Well, it’s only about 90 miles, but to get my mom and me from here to there continues to be a monumental effort.
She’s there and being cared for as her logical mind keeps slipping away.
I’m here and there. Almost too tired to care anymore.
Sometime after the beginning of August, I will have a new email address, which you will be able to find tucked away if you link to About Me. I will, hopefully, have my new ISP set up sooner than later. Maybe I’ll even do a little Kalilily Time refurbishing.
Meanwhile, please keep me in your good thoughts. I still have to move my plants, cat, computer etc., lamps, mirrors, and fifteen pairs of dollar store reading glasses that I can never find when I need a pair.
The Salvation Army comes on Friday to pick up the usable leftovers. Then I clean up what’s left.
I have had help packing and schlepping from two of my dearest friends. Michaela, I owe you big time.
I will make it through this. I will make it through this. I will make it through this.
your nails are ripped and ragged from the ravages of cardboard and tape. hers are long and tough. she tries to file them down every day. at least she did before she started more forgetting. the language center is dissolving. non-existent words come out of her mouth and she knows it, is frustrated by the inability to make her point. you can be patient about that; you can respond to someone in pain. it’s when she climbs her high “you owe me” horse that your own frustration turns your language into expletives. there is no more patience left to deal with the controlling patterns of the self-involved manipulator you’ve spent your life distancing from.
I sit in the middle of packed and unpacked boxes, empty shelves. There’s only one chair that’s left unlayered, and that’s the one in front of the computer. I’m back from an overnight with my mom in her new place. The moving was hard on her; she’s disoriented, unsure of where she is or why she’s there. I do the best I can for her, and we find some things to laugh about. Mostly, she cries.
I try to make a list of all the things I need to do before I move, all those address changes for both of us…. I have to get my oil changed and brakes re-lined. Heh, you know — the car. Call the Salvation Army for pick-up. There are friends I will not have time to see before I leave. I keep chipping away at my hair. I do that when I’m stressed. I wonder how I’d look bald.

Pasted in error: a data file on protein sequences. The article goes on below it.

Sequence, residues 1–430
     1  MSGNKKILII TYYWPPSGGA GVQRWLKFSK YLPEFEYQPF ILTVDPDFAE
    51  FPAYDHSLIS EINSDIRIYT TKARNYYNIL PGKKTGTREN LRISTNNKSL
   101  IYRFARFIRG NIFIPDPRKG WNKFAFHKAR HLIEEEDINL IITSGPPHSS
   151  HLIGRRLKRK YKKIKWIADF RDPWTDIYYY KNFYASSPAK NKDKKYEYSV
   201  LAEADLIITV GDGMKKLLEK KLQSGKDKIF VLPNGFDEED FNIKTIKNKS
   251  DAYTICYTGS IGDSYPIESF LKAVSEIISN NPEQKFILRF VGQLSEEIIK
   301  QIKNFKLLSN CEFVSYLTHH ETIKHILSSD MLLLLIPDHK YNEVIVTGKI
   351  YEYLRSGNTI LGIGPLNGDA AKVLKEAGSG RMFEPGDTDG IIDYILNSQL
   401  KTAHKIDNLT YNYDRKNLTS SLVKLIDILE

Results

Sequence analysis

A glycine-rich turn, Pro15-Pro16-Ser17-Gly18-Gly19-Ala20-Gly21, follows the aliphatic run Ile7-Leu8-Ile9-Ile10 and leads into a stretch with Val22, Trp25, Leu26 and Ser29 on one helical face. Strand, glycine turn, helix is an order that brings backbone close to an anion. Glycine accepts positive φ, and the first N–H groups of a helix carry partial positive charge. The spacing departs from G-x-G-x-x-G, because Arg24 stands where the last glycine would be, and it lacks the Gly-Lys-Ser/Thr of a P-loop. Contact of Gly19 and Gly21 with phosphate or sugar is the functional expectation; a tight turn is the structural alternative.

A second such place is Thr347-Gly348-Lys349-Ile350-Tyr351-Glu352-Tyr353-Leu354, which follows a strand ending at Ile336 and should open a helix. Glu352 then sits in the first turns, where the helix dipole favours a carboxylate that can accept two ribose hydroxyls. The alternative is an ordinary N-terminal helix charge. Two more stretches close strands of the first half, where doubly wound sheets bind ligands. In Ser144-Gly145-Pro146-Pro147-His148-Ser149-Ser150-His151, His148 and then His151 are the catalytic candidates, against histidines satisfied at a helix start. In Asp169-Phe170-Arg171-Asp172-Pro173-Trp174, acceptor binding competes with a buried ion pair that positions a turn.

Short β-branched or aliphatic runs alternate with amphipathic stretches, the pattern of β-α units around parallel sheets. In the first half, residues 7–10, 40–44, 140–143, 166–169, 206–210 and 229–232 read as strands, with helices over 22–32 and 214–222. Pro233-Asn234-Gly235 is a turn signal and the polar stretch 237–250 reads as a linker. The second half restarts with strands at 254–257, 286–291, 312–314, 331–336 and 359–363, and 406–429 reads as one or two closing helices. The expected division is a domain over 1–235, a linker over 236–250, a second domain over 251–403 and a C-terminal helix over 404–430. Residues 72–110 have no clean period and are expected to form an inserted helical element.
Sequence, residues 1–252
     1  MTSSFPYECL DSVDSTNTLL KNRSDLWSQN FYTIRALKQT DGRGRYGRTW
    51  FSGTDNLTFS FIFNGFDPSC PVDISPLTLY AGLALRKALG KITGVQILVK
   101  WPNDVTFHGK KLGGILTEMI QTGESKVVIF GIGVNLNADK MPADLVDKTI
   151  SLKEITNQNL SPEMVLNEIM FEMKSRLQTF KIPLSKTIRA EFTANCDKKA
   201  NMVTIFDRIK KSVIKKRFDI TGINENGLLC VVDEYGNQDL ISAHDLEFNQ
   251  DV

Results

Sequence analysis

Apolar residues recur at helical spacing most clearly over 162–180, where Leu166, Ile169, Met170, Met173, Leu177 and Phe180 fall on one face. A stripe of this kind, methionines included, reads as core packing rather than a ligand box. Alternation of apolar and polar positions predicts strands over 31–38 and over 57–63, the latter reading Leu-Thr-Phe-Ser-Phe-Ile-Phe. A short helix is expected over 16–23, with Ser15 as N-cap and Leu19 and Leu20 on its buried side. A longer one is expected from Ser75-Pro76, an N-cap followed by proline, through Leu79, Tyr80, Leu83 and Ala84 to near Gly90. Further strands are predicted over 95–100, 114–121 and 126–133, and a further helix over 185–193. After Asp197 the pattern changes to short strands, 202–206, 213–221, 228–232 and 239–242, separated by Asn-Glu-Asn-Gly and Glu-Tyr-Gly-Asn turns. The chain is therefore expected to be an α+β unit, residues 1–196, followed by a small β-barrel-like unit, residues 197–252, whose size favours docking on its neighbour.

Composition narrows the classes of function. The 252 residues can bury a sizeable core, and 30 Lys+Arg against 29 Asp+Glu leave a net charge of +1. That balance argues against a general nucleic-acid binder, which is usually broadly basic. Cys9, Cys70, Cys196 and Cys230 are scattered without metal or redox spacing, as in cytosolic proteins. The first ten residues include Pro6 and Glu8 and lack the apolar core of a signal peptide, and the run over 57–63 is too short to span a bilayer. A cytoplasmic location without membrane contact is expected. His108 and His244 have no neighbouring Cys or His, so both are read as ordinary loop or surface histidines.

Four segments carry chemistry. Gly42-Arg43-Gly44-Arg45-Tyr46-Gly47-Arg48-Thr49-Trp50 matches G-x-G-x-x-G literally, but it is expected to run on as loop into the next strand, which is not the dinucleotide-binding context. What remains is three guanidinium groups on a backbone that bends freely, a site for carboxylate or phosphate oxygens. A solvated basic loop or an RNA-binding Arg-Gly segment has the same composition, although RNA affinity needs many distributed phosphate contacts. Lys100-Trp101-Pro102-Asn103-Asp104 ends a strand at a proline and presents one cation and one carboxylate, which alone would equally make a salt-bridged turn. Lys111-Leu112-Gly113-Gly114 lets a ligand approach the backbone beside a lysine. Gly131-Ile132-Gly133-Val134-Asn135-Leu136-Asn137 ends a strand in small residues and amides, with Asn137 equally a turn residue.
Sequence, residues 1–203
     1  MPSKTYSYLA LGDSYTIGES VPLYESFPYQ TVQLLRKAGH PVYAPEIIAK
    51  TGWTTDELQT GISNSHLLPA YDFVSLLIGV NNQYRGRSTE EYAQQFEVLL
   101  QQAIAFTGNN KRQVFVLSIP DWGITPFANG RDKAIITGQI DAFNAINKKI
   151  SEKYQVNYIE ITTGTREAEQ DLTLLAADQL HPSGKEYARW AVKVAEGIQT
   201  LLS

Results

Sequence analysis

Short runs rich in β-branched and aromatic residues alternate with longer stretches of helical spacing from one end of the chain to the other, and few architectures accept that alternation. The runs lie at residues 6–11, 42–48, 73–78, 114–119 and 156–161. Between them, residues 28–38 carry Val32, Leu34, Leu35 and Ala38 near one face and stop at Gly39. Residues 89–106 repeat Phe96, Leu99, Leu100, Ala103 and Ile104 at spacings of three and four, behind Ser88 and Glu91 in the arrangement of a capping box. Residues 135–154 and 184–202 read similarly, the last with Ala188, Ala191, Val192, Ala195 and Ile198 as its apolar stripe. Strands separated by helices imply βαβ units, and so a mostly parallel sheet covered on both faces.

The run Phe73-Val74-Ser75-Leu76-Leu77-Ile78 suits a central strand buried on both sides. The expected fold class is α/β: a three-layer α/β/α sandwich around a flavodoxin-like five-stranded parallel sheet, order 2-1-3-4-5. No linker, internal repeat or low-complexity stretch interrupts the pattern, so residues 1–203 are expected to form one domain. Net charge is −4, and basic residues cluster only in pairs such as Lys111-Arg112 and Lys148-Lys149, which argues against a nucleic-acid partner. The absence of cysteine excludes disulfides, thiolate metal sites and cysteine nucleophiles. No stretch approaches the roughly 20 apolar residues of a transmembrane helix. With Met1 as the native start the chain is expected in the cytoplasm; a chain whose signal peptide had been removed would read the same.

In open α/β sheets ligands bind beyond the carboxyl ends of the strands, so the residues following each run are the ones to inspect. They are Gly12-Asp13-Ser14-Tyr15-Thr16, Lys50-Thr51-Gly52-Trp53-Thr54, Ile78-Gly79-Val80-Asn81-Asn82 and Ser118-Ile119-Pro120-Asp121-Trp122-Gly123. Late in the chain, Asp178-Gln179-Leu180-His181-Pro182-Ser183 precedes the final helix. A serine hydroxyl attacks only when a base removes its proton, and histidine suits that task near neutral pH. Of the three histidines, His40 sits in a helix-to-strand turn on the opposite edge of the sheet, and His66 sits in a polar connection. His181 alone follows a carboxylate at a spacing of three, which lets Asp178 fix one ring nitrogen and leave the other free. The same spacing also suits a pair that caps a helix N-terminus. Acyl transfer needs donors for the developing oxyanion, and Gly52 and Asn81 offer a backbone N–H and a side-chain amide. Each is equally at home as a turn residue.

I will get through th1s.
she got lost in the woods today, even though you told him that moving would disorient her even more. she went down to the pond, in 90 degree heat, by herself. he calls the police, but finds her, finally, stumbling up the rise toward your new digs, using a tree limb as a cane, a strange stone tucked into her pocket. she’s calling for help. she can’t remember why she walked away into the woods. she says she had a reason. but she can’t remember. she can’t remember. you are 86 miles away, your stomach in knots.
We will get through this. We will get through this. We will get through this.
I will blog my way through it.
I grow old…I grow old
I shall wear the bottoms of my trousers rolled.
Shall I part my hair behind? Do I dare to eat a peach?
I shall wear white flannel trousers, and walk upon the beach.
I have heard the mermaids singing, each to each.
I do not think that they will sing to me.
And so I ate a peach for lunch, with brie and 8-grain baguette. And, even through brain-fried by heat and over-exertion, I remember Prufrock.
One of my old folks’ home neighbors invited me to dinner last night, along with two other even older neighbors. Good ol’ fashioned brisket and gravy. Challah. Breyer’s ice cream for dessert. They think I’m an angel. They also think my mother is spoiled and takes advantage of me. (Ya’ think?)